August 19, 2020
Ending the use of single-use plastics such as cigarette filters, microbeads and most types of disposable plastic containers would enable Australia to cut its plastic pollution in half, according to a new analysis of clean-up activities.
The report was commissioned by WWF-Autralia and prepared by Boston Consulting Group (BCG) and provides a comprehensive set of recommendations to address the six most problematic single-use plastic types. Using data from clean-up activities, these were found to be:
Soft ‘scrunchable’ plastics
Disposable packaging and containers
“We estimate these six types of plastic account for 70% of our single-use plastics consumption in Australia and make up 75,000 tonnes of the 130,000 tonnes of plastic flowing into our environment each year,” said Wendy Mackay, Managing Director and Partner at BCG, in a statement.
“This equates to around 600 million plastic bottles, 7.14 billion pieces of soft plastics and a staggering 8 billion cigarette butts leaking to the environment each year, making cigarettes the most littered item in Australia.”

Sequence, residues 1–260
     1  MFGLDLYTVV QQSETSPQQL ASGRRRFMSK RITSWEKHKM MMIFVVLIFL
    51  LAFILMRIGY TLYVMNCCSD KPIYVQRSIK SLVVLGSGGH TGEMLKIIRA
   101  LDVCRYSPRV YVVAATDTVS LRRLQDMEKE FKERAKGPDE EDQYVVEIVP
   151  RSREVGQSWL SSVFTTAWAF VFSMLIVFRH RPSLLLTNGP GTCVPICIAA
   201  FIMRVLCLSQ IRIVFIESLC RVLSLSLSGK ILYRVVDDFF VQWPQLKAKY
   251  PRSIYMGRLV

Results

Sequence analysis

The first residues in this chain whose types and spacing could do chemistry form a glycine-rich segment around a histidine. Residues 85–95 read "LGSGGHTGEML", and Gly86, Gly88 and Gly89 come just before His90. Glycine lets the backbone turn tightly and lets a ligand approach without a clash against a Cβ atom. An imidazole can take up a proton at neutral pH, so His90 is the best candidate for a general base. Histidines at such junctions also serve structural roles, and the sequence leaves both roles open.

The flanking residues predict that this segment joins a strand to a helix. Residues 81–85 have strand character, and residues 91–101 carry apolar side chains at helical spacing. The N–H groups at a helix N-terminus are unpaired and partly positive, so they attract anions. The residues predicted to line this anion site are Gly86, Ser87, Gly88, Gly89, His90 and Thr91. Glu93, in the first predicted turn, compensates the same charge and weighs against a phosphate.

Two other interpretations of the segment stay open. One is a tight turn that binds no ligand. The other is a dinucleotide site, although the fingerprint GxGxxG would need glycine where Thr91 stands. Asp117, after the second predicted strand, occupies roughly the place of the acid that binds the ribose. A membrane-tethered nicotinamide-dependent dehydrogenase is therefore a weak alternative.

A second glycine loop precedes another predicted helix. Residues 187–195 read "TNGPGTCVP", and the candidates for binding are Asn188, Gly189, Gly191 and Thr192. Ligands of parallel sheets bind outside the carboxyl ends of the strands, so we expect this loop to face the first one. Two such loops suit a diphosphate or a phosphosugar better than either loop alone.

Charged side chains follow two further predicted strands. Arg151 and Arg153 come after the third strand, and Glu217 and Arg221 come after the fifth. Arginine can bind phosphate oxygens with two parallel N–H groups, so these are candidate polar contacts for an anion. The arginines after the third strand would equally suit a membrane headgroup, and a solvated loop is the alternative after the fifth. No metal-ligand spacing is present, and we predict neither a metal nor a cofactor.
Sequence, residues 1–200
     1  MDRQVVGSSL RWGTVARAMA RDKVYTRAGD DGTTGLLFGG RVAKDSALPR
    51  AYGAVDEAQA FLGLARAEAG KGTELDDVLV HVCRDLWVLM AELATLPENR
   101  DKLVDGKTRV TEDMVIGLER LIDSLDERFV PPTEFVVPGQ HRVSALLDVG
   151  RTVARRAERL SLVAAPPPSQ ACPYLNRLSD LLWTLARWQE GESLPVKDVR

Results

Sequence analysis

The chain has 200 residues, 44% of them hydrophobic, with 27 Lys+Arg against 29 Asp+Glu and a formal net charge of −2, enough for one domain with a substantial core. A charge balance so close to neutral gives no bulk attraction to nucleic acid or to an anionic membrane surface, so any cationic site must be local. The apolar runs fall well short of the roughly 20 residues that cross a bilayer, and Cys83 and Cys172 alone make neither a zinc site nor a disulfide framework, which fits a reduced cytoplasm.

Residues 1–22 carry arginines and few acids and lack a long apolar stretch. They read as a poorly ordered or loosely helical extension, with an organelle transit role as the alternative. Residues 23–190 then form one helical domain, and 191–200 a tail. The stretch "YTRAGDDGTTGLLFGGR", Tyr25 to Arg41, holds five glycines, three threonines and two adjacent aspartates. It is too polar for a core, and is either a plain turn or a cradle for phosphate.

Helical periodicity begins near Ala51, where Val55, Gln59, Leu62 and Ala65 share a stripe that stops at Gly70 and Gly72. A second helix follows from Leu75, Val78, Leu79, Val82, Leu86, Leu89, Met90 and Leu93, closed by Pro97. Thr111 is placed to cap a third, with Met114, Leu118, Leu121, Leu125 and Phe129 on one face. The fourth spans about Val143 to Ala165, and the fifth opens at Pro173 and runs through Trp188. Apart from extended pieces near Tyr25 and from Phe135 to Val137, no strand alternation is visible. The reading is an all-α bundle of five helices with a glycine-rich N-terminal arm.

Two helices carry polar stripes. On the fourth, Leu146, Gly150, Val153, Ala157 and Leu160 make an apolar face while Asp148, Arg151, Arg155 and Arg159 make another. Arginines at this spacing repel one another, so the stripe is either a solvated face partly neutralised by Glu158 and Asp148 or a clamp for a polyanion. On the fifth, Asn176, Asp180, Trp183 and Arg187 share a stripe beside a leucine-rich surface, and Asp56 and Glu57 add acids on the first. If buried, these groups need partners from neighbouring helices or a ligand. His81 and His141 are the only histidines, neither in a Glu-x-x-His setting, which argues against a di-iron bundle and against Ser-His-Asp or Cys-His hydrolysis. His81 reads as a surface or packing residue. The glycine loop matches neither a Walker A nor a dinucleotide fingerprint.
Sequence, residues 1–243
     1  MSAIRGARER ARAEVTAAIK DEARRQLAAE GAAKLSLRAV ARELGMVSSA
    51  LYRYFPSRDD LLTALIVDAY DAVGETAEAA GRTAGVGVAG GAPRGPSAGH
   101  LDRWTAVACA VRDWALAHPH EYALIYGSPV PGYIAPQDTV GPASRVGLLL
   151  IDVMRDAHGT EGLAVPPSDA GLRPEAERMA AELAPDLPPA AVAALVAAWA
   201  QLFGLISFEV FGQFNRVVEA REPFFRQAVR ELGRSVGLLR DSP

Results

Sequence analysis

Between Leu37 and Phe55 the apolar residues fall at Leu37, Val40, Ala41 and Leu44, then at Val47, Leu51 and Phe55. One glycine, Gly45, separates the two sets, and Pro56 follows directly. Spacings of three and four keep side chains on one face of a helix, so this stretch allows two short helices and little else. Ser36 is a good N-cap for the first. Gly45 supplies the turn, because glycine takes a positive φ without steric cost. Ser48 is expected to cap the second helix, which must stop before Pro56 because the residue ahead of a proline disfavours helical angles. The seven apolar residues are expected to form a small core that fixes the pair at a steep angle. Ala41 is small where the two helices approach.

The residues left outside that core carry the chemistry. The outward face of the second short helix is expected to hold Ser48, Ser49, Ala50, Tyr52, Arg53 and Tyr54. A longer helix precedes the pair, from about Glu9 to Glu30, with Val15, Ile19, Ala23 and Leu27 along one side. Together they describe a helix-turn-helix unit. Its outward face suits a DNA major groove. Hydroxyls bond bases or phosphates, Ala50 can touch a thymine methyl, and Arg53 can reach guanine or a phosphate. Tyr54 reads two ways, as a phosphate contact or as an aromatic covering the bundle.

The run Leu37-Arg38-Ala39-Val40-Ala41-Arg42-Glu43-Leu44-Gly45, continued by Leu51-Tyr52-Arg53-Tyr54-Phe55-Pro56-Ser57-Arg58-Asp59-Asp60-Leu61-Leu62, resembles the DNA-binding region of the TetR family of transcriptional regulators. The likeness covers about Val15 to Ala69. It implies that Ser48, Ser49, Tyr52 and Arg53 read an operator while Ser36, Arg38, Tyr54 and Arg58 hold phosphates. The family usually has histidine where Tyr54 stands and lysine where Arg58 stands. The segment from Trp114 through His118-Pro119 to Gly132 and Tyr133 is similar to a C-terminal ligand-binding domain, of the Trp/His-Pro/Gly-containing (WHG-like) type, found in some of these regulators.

In order to address these problematic plastics, the report proposes three actions all levels of government can take to reduce consumption and prevent them from polluting the natural environment.
Develop a roadmap to phase out cigarette filters, microbeads and most types of disposable plastic foodware, packaging and containers.
Enact regulation to manage single-use plastics that can't be phased-out through product standards (e.g. designing for recyclability) and measures to improve collection (e.g. container deposit schemes).
Incentivise development and adoption of sustainable alternatives and systems to assist the transition away from single-use plastics.
The report also highlighted examples of businesses and governments leading the way through innovative approaches to the issue of plastic pollution, such as the Loop reusable packaging system and bans on single-use plastics.
Prior to joining Planet Ark Liam spent his time studying global environmental issues, travelling Southeast Asia on the cheap and working for a sustainable property management company in Bali, Indonesia. Joining the communications team at Planet Ark, he hopes to inspire positive environmental behaviour through effective and positive messaging.